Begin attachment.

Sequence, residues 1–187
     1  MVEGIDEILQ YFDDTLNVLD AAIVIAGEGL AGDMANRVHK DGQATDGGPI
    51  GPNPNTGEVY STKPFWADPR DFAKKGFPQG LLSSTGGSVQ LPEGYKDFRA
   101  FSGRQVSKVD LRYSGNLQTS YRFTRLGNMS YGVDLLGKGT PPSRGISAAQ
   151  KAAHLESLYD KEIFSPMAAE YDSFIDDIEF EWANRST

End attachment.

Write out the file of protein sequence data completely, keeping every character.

Sequence, residues 1–187
     1  MVEGIDEILQ YFDDTLNVLD AAIVIAGEGL AGDMANRVHK DGQATDGGPI
    51  GPNPNTGEVY STKPFWADPR DFAKKGFPQG LLSSTGGSVQ LPEGYKDFRA
   101  FSGRQVSKVD LRYSGNLQTS YRFTRLGNMS YGVDLLGKGT PPSRGISAAQ
   151  KAAHLESLYD KEIFSPMAAE YDSFIDDIEF EWANRST